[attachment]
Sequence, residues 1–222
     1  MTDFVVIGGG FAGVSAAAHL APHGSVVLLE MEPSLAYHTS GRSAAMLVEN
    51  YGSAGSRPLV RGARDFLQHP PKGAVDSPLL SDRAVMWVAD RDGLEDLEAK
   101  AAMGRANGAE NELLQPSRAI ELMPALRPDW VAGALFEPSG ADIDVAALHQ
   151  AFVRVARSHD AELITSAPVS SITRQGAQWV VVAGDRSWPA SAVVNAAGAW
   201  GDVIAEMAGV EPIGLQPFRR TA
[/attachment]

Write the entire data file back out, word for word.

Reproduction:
Sequence, residues 1–222
     1  MTDFVVIGGG FAGVSAAAHL APHGSVVLLE MEPSLAYHTS GRSAAMLVEN
    51  YGSAGSRPLV RGARDFLQHP PKGAVDSPLL SDRAVMWVAD RDGLEDLEAK
   101  AAMGRANGAE NELLQPSRAI ELMPALRPDW VAGALFEPSG ADIDVAALHQ
   151  AFVRVARSHD AELITSAPVS SITRQGAQWV VVAGDRSWPA SAVVNAAGAW
   201  GDVIAEMAGV EPIGLQPFRR TA